First and foremost, I’ll mention that I’ve played several bouts of this game over the past month or two…and in between then & now, I’ve gone back and replayed through the entirety of the Arkham trilogy. TRILOGY. With that refresher, it’s quite fascinating to take a look back at Batman Begins to compare & contrast what went right, what went wrong, and in many cases…what went boring.
Boring might be a pretty harsh word, really (yessssss, reversed the ref’s decision right after the jump). A better word would be linear. There really isn’t a whole lot of room in the game for improvisation or strategy when it comes to combat encounters and traversing the world. Yeah, I’ll go ahead and admit that I’m fairly spoiled by the open worlds of the Arkham games, as they present multiple options I can pursue at any time, in either combat or simply wandering around the map looking for secrets. Being funneled from freedom into a Disneyland ride with only a single option for advancement (and swift death to anyone who dares stick their hand out of the roller coaster) is quite a rude awakening. Controls are contextual, meaning that I only throw batarangs or use my grapple hook whenever the level itself dictates that it’s the only course possible to advance. Worse still, many of the areas fail to properly articulate what is expected of you, so using your wits is more prone to failure than going on a suicide mission with your fists. To pile some more on your plate, the stealth mechanics seem fairly skittish, as I noticed most prominently in one area where enemies were able to see me, even though I was clearly outside of their line of site.
The biggest thing that the game has, by far, is its presentation. Shockingly, EA managed to rope in the majority of the actors from the movie to voice their roles. I mean, look at this bat shit crazy (heh…hehehehehe…) list of actors reprising their roles:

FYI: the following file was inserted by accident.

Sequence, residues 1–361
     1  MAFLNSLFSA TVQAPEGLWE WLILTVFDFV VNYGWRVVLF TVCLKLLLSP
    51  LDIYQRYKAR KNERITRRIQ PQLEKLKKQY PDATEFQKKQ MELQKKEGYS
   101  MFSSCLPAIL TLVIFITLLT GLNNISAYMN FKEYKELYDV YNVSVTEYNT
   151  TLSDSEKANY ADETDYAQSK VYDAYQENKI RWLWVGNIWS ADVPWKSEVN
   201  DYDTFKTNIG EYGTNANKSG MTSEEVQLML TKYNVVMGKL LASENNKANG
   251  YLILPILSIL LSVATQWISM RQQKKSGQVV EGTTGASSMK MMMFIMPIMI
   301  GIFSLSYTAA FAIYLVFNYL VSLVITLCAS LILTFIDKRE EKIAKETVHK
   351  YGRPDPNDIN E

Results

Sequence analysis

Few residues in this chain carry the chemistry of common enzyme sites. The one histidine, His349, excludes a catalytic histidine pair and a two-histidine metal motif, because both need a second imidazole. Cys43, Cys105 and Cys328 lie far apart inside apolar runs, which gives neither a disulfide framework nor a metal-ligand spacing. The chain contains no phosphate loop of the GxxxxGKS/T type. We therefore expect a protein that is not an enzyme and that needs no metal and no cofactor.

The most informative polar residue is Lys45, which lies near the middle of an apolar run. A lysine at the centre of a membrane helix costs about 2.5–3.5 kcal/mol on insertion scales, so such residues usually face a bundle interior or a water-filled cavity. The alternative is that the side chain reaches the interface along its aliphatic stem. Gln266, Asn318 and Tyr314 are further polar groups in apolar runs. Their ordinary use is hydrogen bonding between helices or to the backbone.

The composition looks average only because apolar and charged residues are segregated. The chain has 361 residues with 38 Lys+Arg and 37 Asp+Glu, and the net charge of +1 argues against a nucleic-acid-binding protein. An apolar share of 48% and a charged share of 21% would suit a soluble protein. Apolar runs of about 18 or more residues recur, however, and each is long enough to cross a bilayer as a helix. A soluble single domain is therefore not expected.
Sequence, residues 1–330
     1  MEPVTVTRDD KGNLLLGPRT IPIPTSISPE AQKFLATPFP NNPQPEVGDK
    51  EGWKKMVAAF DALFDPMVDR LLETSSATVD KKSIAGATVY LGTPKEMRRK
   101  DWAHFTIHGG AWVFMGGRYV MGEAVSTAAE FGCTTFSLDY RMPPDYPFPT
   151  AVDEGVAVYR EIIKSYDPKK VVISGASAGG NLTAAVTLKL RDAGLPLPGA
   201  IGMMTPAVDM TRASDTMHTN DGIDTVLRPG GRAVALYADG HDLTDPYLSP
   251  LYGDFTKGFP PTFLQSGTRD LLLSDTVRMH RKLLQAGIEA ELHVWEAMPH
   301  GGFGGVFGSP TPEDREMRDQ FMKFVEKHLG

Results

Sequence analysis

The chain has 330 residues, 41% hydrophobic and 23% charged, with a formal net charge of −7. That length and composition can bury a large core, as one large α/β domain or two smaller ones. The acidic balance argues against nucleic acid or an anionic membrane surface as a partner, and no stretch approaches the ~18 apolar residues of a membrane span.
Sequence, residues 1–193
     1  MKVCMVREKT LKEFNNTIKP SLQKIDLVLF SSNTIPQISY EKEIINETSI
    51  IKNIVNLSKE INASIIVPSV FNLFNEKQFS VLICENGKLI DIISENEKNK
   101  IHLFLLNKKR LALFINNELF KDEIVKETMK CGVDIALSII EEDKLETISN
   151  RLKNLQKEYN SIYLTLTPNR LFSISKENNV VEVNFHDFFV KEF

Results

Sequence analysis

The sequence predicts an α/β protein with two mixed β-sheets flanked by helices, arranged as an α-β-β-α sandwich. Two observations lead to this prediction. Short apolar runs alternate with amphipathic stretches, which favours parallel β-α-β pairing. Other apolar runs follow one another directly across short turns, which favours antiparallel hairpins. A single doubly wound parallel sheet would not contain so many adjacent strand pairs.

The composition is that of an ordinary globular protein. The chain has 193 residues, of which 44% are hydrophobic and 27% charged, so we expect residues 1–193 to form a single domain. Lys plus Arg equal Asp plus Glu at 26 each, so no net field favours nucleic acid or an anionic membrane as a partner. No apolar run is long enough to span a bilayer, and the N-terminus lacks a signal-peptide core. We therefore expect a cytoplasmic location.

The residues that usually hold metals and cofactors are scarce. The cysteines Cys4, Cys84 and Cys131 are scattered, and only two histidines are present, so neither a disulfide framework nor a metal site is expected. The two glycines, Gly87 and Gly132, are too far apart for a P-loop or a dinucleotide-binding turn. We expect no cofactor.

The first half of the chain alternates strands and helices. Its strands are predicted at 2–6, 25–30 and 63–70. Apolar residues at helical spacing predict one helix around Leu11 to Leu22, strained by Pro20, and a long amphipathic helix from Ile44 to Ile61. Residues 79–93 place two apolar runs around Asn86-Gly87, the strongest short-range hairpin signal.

- Christian Bale
- Michael Caine
- Liam Neeson
- Katie Holmes
- Cillian Murphy
- Tom Wilkinson
- Ken Watanabe
- Morgan Freeman
That’s…pretty much the entire cast, outside of Gary Oldman. Very impressive, especially when you’re trying to sell the game as a natural companion to the movie. Combine that with fairly passable graphics for the time (and widescreen support, sheeeeit!) and I could totally see picking this game up as an impulse purchase on the way home from seeing the film. Of course, if you were smart enough to buy the game at launch, you’d notice that the game actually includes a ticket to see the movie for free…too bad they expired in 2005. I should try to use one just to see the look on the cashier’s face…and probably receive a punch to my own for my troubles. The package, as a hole, really sells itself as a product of Nolan’s vision of Batman…unless you count the incredibly verbose NPCs in the game. They vomit endless walls of nonsense at every turn, which is generously replayed each time you’ve walked yourself into a death trap. Still, I guess I can ignore petty bitching from video game villains if the light at the end of the tunnel is hearing Christian Bale yell, in all sincerity, “WHERE ARE THE RABBITS!?”
This is another situation similar to Blade…I absolutely love the movie itself, and even if I have to ignore the sandwich artist putting mayo on it, even though I explicitly said five fucking times that I don’t want mayo, I’ll eat it if the rest is good enough to justify it. Sure, I’ll swear at the TV four out of five times when I die during another bout of trial & error, but on the fifth…when I whup everyone’s ass and pull a totally Batman moment…I SWEAR TO ME!